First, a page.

Later, he rushed a field-gun single-handed and knocked out three of the detachment. The success of the day was in no small degree due to the splendid gallantry and fine leadership displayed by this officer.
Lt.-Col. Vann, who had on all occasions set the highest example: of valour, was killed near Ramicourt on 3rd October, 1918, when leading his battalion in attack.”
He was the only ordained clergyman of the Church of England to win the VC in the Great War as a combatant, and was awarded the Military Cross (MC)
“At Kemmel on 24 April 1915 when a small advance trench which he occupied was blown in, and he himself wounded and half buried, he showed the greatest determination in organising the defence and rescuing buried men under heavy fire, although wounded and severely bruised he refused to leave his post until directly ordered to do so. At Ypres on 31 July 1915, and subsequent days, he ably assisted another officer to hold the left trench of the line, setting a fine example to those around him. On various occasions he has led patrols up to the enemy’s trenches and obtained valuable information.”
He was killed in action, shot by a sniper at Ramicourt, France, on 3 October 1918 and is buried in Bellicourt British Cemetery, France.
Whilst his company was attacking, machine gun fire opened on the Left flank, delaying the advance. Although C.S./M. Skinner was wounded in the head, he collected six men, .and with great courage and determination worked round the left flank of three blockhouses from which the machine gun fire was coming, and succeeded in bombing and taking the first blockhouse single-handed; then, leading his six men towards the other two blockhouses, he skilfully cleared them, taking sixty prisoners, three machine guns, and two trench mortars. The dash and gallantry displayed by this warrant officer enabled’ the objective to be reached.”
He was killed in action at Vlamertinghe, Belgium, on 17 March 1918, and is buried Vlamertinghe New Miliitary Cemetery, Belgium.
Donald Mackintosh (07/02/1896 – 11/04/1917) was awarded the Victoria Cross for his actions on 11 April 1917 north of Fampoux, France.
The Citation reads:
“On 11 April 1917 north of Fampoux, France, during the initial advance, Lieutenant Mackintosh was shot through the right leg, but although crippled, continued to lead his men, and captured the trench.
He then collected men of another company who had lost their leader and drove back a counter-attack, when he was again wounded and although unable to stand, nevertheless continued to control the situation.
With only 15 men left he ordered them to be ready to advance to the final objective and with great difficulty got out of the trench, encouraging them to advance. He was wounded yet again and fell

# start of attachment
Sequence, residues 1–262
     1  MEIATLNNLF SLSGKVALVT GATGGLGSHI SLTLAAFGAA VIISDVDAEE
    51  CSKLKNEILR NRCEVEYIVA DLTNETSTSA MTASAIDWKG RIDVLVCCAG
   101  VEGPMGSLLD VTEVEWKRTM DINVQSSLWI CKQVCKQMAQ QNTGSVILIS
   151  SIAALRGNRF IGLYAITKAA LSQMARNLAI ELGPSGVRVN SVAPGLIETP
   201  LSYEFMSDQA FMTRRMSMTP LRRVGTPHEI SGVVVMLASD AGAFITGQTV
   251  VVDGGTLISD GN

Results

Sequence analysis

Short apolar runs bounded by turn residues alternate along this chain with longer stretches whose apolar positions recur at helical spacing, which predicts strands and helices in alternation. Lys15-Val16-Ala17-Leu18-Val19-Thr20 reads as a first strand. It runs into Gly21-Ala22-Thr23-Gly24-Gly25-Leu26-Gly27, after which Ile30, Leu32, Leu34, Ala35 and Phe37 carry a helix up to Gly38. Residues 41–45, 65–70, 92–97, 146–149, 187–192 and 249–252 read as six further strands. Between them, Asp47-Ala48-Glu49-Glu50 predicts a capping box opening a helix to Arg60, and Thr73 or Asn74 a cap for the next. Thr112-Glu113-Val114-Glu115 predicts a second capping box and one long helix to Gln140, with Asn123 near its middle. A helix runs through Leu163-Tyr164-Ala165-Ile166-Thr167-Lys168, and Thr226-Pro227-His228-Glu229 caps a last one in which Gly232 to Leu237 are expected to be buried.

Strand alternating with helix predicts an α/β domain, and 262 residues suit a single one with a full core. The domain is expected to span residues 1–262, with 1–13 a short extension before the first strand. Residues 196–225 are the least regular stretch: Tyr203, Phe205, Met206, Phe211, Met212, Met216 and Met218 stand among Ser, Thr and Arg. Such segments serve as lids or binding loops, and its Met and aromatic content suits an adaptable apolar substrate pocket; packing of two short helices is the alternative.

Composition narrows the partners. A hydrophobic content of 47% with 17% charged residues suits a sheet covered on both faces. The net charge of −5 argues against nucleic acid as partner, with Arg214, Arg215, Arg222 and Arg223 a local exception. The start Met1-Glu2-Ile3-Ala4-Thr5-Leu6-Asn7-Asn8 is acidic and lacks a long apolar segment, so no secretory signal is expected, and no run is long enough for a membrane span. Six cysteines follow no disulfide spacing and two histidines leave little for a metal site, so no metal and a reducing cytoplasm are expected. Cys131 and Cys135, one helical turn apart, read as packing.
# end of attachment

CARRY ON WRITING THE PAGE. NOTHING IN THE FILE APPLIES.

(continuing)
The gallantry and devotion to duty of this officer were beyond all praise.”
Lieutenant Donald Mackintosh was posthumously awarded the Victoria Cross for his bravery and he is buried in Brown’s Copse Cemetery, Roeux, France.
“No. 1272 Private John Lynn, 2nd Battalion, The Lancashire Fusiliers.
For most conspicuous bravery near Ypres on 2nd May, 1915. When the Germans were advancing behind their wave of asphyxiating gas, Private Lynn, although almost overcome by the deadly fumes, handled his machine gun with very great effect against the enemy, and when he could not see them he moved his gun higher up on the parapet, which enabled him to bring even more effective fire to bear, and eventually checked any further advance.
The great courage displayed by this soldier had a fine effect on his comrades in the very trying circumstances.
He died the following day from the effects of gas poisoning”
He is buried in Grootbeek Cemetery, Belgium. His grave is inscribed “Who was buried at the time in Vlamertinghe but whose grave was destroyed in later battles. “
At Missy on 14th September under a heavy fire all day until 7 p.m., worked with his own hand two rafts bringing back wounded and returning with ammunition; thus enabling advanced Brigade to maintain its position across the river.”
Having achieved the rank of Major, William Johnston VC, was killed in action at Ypres on 8 June 1915. He is buried at Perth Cemetery, Ypres, Belgium.
“Temporary Second Lieutenant Rupert Price Hallowes, 4th Battalion, The Duke of Cambridge’s Own (Middlesex Regiment).
For most conspicuous bravery and devotion to duty during the fighting at Hooge between 25th September and 1st October, 1915.
Second Lieutenant Hallowes displayed throughout these days the greatest bravery and untiring energy, and set a magnificent example to his men during four heavy and prolonged bombardments. On more than one occasion he climbed up on the parapet, utterly regardless of danger, in order to put fresh heart into his men. He made daring reconnaissances of the German positions in cur lines. When the supply of bombs was running short he went,back under very heavy shell fire and brought up a fresh supply. Even after he was mortally wounded he continued to cheer those around him and to inspire them with fresh courage.”
He is buried in Bedford House Cemetery, Zillebeke, Belgium.